1. 5 out of 5

    Inna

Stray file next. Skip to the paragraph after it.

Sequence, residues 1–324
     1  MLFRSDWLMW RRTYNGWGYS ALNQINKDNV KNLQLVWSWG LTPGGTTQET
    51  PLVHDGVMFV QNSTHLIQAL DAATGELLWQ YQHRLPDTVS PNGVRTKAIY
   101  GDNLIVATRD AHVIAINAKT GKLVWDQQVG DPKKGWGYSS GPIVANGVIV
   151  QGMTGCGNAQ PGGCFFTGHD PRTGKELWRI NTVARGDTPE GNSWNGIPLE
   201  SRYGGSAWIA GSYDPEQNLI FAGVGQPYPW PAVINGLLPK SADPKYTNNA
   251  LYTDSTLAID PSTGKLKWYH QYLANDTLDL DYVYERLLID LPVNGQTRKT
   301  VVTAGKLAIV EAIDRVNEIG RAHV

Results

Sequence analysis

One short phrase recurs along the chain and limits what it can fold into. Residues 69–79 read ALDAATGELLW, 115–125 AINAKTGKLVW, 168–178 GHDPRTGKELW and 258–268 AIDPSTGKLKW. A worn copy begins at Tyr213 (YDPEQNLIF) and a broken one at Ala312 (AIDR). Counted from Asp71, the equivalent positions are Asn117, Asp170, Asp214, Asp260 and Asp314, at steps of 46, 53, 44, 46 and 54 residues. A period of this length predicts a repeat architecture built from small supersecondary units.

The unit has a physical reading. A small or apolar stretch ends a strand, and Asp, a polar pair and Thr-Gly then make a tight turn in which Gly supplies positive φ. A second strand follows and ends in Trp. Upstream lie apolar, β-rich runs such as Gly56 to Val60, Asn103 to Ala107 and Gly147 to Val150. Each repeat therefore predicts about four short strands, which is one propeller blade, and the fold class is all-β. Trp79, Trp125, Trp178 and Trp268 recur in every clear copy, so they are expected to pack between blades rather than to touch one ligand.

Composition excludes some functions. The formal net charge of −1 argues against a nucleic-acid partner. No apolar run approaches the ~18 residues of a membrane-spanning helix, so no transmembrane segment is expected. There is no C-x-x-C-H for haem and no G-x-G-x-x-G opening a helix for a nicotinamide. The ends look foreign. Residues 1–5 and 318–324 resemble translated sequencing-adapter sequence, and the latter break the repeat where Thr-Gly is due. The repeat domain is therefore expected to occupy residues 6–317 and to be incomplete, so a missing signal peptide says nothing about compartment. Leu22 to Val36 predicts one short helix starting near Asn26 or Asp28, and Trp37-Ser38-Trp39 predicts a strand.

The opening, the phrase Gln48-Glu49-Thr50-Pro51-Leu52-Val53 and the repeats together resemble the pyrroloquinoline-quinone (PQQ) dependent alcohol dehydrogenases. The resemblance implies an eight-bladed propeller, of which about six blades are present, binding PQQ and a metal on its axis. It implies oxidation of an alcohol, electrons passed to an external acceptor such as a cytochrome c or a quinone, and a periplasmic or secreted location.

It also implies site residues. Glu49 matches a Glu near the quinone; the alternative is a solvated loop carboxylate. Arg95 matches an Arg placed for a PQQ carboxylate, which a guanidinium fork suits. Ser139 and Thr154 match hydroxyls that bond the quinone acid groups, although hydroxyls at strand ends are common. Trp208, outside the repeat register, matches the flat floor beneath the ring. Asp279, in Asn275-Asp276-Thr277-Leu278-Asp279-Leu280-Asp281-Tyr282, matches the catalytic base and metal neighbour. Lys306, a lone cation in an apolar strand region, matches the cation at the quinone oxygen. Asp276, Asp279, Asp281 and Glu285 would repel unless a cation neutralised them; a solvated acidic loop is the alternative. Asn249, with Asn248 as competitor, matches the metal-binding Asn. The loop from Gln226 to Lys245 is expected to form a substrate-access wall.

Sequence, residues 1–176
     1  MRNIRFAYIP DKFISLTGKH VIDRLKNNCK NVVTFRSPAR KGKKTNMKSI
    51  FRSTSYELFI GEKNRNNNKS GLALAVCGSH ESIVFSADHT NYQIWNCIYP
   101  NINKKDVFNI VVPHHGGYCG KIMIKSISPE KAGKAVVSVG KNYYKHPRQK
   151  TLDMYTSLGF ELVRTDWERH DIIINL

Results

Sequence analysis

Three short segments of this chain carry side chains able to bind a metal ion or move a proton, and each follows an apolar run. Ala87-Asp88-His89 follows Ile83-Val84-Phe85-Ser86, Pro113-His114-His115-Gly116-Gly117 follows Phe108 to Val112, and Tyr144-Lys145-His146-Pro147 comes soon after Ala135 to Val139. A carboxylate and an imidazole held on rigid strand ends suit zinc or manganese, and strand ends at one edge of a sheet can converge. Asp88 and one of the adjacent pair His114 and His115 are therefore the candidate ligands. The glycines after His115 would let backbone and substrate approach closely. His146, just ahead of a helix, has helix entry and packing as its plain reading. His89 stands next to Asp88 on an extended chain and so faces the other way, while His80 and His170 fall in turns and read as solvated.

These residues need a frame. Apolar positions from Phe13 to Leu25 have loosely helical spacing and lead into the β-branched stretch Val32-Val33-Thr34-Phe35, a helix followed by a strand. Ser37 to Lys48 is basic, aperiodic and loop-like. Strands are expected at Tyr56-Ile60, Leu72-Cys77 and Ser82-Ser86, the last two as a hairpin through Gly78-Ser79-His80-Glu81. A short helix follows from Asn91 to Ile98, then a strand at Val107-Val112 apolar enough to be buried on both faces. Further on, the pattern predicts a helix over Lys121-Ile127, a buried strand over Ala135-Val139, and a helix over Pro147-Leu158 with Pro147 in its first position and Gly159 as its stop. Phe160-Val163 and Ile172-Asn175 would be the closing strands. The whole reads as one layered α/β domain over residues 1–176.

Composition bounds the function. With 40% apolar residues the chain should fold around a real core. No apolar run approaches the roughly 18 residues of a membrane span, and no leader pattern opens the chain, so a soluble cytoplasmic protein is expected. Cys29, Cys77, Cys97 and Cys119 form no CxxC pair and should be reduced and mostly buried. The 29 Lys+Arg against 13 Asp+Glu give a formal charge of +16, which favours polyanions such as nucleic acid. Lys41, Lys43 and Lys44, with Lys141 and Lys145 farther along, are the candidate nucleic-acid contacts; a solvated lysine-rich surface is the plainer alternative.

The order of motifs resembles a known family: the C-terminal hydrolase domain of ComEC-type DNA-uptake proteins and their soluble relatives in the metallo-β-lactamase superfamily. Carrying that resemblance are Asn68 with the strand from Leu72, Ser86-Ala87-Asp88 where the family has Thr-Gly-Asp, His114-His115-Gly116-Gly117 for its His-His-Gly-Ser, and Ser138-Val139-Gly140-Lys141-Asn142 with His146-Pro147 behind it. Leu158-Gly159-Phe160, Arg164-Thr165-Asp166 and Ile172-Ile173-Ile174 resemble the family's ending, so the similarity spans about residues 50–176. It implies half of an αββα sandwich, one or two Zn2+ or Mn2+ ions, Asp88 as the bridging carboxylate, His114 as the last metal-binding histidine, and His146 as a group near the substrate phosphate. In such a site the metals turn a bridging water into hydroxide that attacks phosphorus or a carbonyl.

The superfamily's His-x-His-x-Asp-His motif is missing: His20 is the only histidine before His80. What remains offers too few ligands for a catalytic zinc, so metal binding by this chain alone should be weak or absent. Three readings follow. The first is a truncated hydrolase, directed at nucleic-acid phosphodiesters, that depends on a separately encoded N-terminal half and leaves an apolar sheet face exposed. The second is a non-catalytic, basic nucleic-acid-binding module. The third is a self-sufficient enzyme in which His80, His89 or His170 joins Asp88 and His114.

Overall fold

Vignettes from the life of a Bundist labor organizer and head of the Warsaw self-defense militia during the interwar period. The book is pretty amazing, largely since it deals with the Bund culture and with the people of the Bund, meaning largely simple workers. Bund during this period was fighting for the embattled Jewish poor, suffering from both economic and ethnic attacks. In fact, it was encouraging them to fight for themselves, organizing them in unions and in self-defense militias. Goldst Vignettes from the life of a Bundist labor organizer and head of the Warsaw self-defense militia during the interwar period. The book is pretty amazing, largely since it deals with the Bund culture and with the people of the Bund, meaning largely simple workers. Bund during this period was fighting for the embattled Jewish poor, suffering from both economic and ethnic attacks. In fact, it was encouraging them to fight for themselves, organizing them in unions and in self-defense militias. Goldstein does not patronize the people and does not think he knows best. In fact,he clearly considers himself to be one of them. A large part of the story is Bund's fight against Polish antisemitic right-wing parties, against the government antisemitism, and against the Communists, habitually employing violence to force the workers join their own labor unions. While doing that, the Bund also established numerous cultural and self-help institutions and created a whole union-based culture emphasizing self-respect and self-improvement. This culture was not sustained, since the population supporting it was emaciated by the Nazis. Still, it is an inspiring example of poor people organizing themselves in very difficult conditions. While Bund insisted on the right of Jewish workers to cultural autonomy, Goldstein keeps talking in his memoirs about collaboration between Jewish and Polish activists, both in union activism and in fighting the violent right-wing parties. Bund clearly differentiated between its adherence to the value of sustaining cultural uniqueness of the Jewish minority and any sort of ethnicity-based prejudice. I strongly recommend Goldstein's book, as well as his book of memoirs about the Warsaw Ghetto, where he talks about Bund desperately trying to assist the Jews in an impossible situation.